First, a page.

- 68% of teachers in the South West identified breaking down stereotypes as the main benefit of careers education in primary schools
- 44% of local businesses are concerned that ‘lost learning’ from the pandemic will exacerbate the skills shortage amongst pupils and students
- Two thirds (66%) of local teachers agreed that improved careers education would decrease the number of NEET (not in education, employment, or training) young people
New polling* has today highlighted significant concern amongst teachers and businesses about how prepared young people are for the world of work – particularly following the Covid-19 pandemic.
The polling is released by education charity Teach First as they launch a new report, Careers Education: Investing in Our Country’s Future. The report makes a series of recommendations on how improving careers education – and increasing business engagement with schools – can help level up opportunities for young people from disadvantaged backgrounds.
The data reveals that almost 8 in 10 teachers (77%) in South West schools said their pupils are less ready for the world of work when compared to previous cohorts, while nearly half (45%) believe the pandemic has left their pupils feeling less optimistic about their career prospects.
Teach First also conducted a survey of over 500 HR decision makers from British businesses and found they share this concern, with 44% of South West businesses saying they are concerned that ‘lost learning’ from the pandemic will exacerbate the skills shortage amongst pupils and students.
While grades are hugely important, the research suggests that other skills are also highly valued by employers. When asked to select the top three skills that they would consider most if recruiting young people, they were most likely to choose broader soft skills – e.g. communicating, presenting, problem-solving, etc. (77%), literacy and numeracy (60%), and digital and IT skills (56%). However, when asked to give their assessment of the preparedness of current school, college and university leavers, 77% of local businesses said that they were concerned about their level of soft skills. They also reported concerns about the level of literacy and numeracy (72%) and digital and IT skills (51%).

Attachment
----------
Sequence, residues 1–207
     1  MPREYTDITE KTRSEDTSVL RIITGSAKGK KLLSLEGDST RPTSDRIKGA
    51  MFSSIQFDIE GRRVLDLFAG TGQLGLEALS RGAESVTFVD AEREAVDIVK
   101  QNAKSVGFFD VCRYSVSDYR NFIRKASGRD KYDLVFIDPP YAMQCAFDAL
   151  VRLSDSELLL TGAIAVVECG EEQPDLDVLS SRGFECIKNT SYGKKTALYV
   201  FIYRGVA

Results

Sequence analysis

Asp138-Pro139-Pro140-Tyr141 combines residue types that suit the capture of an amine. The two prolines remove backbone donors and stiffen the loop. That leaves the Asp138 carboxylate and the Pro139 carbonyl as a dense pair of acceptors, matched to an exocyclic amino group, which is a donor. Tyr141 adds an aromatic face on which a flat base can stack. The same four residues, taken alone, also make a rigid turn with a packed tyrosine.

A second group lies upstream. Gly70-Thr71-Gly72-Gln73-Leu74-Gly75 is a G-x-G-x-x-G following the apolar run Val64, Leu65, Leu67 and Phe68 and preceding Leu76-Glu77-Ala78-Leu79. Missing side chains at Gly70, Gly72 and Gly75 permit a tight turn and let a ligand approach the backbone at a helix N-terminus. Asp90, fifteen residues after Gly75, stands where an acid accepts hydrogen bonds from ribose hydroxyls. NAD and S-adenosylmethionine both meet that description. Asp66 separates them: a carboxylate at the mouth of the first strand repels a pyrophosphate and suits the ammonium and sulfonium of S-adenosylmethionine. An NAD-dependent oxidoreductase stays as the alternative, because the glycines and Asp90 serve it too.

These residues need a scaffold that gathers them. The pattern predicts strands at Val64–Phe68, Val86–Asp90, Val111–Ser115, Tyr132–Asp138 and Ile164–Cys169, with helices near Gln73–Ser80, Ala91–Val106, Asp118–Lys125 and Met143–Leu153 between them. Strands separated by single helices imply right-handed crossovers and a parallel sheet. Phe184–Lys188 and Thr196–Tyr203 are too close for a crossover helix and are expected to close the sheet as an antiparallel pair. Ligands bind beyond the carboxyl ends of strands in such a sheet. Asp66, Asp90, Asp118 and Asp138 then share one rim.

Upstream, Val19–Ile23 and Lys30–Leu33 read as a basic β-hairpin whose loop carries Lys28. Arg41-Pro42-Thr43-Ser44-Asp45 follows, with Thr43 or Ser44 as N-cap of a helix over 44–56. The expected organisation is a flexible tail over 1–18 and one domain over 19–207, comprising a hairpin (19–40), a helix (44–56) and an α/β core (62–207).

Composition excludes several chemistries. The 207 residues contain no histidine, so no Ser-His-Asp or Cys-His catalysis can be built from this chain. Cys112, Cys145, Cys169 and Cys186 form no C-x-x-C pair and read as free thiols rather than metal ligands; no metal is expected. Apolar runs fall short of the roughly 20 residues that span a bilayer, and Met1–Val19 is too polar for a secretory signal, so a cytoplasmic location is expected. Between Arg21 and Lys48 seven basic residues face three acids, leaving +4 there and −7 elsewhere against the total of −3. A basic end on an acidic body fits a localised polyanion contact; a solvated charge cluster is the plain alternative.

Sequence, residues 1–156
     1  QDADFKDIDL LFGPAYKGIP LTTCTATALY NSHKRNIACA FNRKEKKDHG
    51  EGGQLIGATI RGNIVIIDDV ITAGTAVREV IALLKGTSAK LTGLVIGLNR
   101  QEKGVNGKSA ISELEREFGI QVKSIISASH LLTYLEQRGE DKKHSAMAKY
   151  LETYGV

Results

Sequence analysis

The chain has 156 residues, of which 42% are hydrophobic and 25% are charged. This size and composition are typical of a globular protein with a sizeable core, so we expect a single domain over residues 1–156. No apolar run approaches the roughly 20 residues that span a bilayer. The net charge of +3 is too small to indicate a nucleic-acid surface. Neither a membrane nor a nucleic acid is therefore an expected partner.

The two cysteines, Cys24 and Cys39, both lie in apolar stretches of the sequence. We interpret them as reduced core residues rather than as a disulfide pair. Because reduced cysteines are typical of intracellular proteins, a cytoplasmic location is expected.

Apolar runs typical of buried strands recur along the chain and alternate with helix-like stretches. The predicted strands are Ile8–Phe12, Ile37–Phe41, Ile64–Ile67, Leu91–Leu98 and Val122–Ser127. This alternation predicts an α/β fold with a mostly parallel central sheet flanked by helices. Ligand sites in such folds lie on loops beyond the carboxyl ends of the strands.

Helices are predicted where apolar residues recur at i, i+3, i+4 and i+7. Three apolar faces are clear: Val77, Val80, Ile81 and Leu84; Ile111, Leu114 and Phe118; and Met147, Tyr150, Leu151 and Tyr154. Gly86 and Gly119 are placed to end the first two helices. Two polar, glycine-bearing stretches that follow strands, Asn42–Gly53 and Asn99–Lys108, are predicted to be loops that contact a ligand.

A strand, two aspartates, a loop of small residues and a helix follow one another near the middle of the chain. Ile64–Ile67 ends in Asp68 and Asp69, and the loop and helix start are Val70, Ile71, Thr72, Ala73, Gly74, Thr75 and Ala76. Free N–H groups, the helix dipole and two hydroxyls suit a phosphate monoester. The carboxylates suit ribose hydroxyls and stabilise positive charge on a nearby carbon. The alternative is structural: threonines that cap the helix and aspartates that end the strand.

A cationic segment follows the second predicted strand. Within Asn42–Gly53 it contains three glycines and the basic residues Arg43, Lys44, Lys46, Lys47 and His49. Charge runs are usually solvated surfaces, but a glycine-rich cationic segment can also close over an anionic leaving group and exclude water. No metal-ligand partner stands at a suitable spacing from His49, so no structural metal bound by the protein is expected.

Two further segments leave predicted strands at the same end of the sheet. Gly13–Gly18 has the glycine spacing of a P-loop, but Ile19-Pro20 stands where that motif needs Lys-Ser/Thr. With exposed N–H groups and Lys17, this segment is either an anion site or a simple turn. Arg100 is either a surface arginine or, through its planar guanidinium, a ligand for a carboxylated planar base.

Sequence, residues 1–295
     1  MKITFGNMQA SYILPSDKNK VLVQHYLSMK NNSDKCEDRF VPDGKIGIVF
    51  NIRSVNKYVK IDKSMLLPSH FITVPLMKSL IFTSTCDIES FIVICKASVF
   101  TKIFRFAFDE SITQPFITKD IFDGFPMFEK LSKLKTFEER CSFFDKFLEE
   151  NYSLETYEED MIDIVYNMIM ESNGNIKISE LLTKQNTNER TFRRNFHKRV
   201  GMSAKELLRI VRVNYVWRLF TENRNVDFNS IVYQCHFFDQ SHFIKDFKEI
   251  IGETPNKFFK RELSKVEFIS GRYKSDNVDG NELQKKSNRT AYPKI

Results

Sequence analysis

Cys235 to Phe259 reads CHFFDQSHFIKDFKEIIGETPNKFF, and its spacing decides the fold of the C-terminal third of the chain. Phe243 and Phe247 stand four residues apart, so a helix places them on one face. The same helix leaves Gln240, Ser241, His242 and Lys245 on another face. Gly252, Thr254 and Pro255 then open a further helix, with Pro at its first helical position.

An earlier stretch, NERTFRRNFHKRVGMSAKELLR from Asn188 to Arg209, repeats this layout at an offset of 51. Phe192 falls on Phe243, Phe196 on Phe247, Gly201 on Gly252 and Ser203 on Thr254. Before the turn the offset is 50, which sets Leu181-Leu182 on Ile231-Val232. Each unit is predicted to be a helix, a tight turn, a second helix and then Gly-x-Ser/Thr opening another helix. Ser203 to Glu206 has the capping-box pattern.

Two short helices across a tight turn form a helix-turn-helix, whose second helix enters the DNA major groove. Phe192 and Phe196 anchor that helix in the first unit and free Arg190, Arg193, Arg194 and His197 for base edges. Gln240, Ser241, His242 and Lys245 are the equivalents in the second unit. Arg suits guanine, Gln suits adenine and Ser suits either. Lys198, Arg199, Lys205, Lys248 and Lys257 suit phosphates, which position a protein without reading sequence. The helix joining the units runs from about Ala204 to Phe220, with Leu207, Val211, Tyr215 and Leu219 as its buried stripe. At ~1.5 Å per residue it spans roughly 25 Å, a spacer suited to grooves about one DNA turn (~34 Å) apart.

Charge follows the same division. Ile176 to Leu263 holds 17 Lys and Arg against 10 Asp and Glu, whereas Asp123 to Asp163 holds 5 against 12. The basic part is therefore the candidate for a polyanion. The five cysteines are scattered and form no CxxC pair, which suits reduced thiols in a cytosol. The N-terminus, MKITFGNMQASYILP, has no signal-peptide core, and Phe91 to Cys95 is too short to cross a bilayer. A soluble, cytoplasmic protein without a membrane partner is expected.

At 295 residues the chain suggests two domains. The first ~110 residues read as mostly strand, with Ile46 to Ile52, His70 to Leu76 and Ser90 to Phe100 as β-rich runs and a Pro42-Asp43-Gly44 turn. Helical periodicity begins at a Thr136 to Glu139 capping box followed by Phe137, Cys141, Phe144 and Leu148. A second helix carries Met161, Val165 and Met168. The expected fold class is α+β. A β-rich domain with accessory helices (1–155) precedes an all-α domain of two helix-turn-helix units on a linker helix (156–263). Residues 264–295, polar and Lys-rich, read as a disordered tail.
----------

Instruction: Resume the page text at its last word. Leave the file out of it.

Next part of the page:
In their new report Teach First argues in favour of a series of recommendations which they believe could make a tangible impact on young people’s employability. Two thirds (66%) of local teachers agreed that improved careers education would decrease the number of young people that end up classified as Not in Education, Employment or Training (NEET).
Children on free school meals are currently twice as likely to be NEET at age 18-24 compared to those not (26% compared to 13%)[i].
To help tackle this, Teach First believe careers education needs to start at primary school level. Teachers agree, with over 6 in 10 (62%) primary schools teachers in the South West believing career-related learning for their pupils will raise aspiration, and more than 7 in 10 (73%) said it will raise their pupils’ awareness of different career pathways.
The DfE recently made a welcome commitment for a new careers programme for primary schools in disadvantaged areas in the recent Schools White Paper. In order to be as effective as possible, Teach First wants the DfE to work with sector leaders and publish a framework for effective careers learning in primary schools based on the Gatsby benchmarks and pair this with a new fund that trains and supports primary teachers working in disadvantaged areas.